Objective: To evaluate the potential impact of concomitant clobazam (CLB) use on the efficacy of cannabidiol (CBD) treatment in patients with Dravet syndrome and Lennox-Gastaut syndrome using meta-analytical techniques. Methods: We searched for randomized, placebo-controlled, single- or double-blinded trials. The proportion of patients who achieved ≥50% reduction from baseline in seizure frequency during the treatment period was assessed according to CLB status. Risk ratios (RRs) with 95% confidence intervals (CIs) were estimated. Results: Four trials were included and enrolled 714 participants, 429 for the add-on CBD group and 285 for the add-on placebo group. Among CBD-treated patients, 240 (55.9%) were taking concomitant CLB (CLB-On) and 189 (44.1%) were not taking concomitant CLB (CLB-Off); in placebo-treated patients, 158 (55.4%) were CLB-On and 127 (44.6%) CLB-Off. The percentages of patients who had at least 50% reduction in seizure frequency during the treatment period were 29.1% in the CBD arm and 15.7% in the placebo group among CLB-Off patients (RR = 1.80, 95% CI = 1.12-2.90, P =.015). Among CBL-On patients, the ≥50% reduction in seizure frequency was found in 52.9% and 27.8% in the CBD and placebo groups, respectively (RR = 1.85, 95% CI = 1.40-2.44, P <.001). Significance: CBD was associated with a higher rate of seizure response in comparison to placebo when added to the existing antiepileptic regimen both in patients taking and in those not taking concomitant CLB. The lack of randomization for CLB status and the limited sample size need to be considered in the interpretation of the findings.

Cannabidiol efficacy and clobazam status: A systematic review and meta-analysis

Lattanzi S.;Silvestrini M.;
2020

Abstract

Objective: To evaluate the potential impact of concomitant clobazam (CLB) use on the efficacy of cannabidiol (CBD) treatment in patients with Dravet syndrome and Lennox-Gastaut syndrome using meta-analytical techniques. Methods: We searched for randomized, placebo-controlled, single- or double-blinded trials. The proportion of patients who achieved ≥50% reduction from baseline in seizure frequency during the treatment period was assessed according to CLB status. Risk ratios (RRs) with 95% confidence intervals (CIs) were estimated. Results: Four trials were included and enrolled 714 participants, 429 for the add-on CBD group and 285 for the add-on placebo group. Among CBD-treated patients, 240 (55.9%) were taking concomitant CLB (CLB-On) and 189 (44.1%) were not taking concomitant CLB (CLB-Off); in placebo-treated patients, 158 (55.4%) were CLB-On and 127 (44.6%) CLB-Off. The percentages of patients who had at least 50% reduction in seizure frequency during the treatment period were 29.1% in the CBD arm and 15.7% in the placebo group among CLB-Off patients (RR = 1.80, 95% CI = 1.12-2.90, P =.015). Among CBL-On patients, the ≥50% reduction in seizure frequency was found in 52.9% and 27.8% in the CBD and placebo groups, respectively (RR = 1.85, 95% CI = 1.40-2.44, P <.001). Significance: CBD was associated with a higher rate of seizure response in comparison to placebo when added to the existing antiepileptic regimen both in patients taking and in those not taking concomitant CLB. The lack of randomization for CLB status and the limited sample size need to be considered in the interpretation of the findings.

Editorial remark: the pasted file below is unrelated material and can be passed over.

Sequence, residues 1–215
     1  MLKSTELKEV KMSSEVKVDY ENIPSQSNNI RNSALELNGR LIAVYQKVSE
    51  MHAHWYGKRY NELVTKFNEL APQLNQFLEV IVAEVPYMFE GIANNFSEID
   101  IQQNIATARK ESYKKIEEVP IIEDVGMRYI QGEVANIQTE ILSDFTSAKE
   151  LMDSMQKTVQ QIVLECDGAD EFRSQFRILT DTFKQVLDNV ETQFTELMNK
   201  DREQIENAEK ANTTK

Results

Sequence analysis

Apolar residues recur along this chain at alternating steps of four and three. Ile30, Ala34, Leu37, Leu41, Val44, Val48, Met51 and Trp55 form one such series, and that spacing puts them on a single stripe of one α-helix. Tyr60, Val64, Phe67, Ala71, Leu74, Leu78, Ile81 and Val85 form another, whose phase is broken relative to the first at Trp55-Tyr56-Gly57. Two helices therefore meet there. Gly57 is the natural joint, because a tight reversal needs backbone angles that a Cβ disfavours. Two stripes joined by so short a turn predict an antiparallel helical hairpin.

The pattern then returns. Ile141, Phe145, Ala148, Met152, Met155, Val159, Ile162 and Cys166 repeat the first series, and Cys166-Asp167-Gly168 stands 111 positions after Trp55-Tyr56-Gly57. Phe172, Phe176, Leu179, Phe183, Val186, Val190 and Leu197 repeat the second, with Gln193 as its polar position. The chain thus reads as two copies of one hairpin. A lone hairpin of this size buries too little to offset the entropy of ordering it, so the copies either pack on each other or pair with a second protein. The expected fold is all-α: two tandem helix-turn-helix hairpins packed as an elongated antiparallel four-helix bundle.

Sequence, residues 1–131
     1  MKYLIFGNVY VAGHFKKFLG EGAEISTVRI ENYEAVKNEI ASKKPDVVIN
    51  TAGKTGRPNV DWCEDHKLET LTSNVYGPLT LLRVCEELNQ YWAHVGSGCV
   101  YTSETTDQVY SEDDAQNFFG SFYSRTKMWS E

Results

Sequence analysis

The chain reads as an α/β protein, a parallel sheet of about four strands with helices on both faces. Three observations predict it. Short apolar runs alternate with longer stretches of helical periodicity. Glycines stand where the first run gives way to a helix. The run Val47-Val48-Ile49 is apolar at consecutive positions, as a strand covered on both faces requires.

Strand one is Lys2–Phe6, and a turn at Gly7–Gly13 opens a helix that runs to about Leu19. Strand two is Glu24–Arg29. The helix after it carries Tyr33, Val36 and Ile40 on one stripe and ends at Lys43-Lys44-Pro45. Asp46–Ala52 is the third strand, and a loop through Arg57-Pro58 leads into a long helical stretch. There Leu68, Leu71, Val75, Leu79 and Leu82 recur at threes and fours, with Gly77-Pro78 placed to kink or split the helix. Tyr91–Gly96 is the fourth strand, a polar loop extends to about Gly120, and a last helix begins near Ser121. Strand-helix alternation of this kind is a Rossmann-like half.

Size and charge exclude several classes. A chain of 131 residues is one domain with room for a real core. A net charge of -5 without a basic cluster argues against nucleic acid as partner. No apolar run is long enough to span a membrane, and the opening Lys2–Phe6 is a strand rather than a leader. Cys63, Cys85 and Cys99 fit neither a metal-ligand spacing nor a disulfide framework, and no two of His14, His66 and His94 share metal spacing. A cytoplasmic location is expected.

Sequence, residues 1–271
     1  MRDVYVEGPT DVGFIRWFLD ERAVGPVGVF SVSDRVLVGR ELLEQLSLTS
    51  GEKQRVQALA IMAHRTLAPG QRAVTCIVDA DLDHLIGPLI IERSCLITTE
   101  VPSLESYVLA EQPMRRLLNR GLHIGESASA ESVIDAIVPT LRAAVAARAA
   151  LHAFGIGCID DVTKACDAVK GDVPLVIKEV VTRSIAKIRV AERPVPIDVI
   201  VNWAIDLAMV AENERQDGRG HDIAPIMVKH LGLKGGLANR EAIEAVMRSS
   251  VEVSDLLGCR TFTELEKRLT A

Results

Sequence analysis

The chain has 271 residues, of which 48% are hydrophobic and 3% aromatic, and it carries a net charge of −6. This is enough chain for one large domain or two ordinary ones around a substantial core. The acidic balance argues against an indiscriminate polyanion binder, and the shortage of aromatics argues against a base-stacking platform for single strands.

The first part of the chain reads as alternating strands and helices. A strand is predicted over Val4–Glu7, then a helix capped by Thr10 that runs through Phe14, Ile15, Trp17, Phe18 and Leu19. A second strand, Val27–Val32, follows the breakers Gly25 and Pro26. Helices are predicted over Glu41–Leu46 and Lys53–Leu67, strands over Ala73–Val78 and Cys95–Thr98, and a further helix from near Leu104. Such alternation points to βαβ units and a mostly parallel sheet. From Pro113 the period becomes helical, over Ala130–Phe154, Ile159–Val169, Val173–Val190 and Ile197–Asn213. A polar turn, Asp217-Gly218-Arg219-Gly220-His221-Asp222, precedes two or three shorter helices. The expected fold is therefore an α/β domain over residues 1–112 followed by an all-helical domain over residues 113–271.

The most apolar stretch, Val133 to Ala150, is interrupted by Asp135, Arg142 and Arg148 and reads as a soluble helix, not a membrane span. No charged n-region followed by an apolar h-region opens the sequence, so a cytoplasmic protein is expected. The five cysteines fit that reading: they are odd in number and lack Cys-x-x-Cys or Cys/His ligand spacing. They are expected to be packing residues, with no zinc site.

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Utilizza questo identificativo per citare o creare un link a questo documento: http://hdl.handle.net/11566/282430
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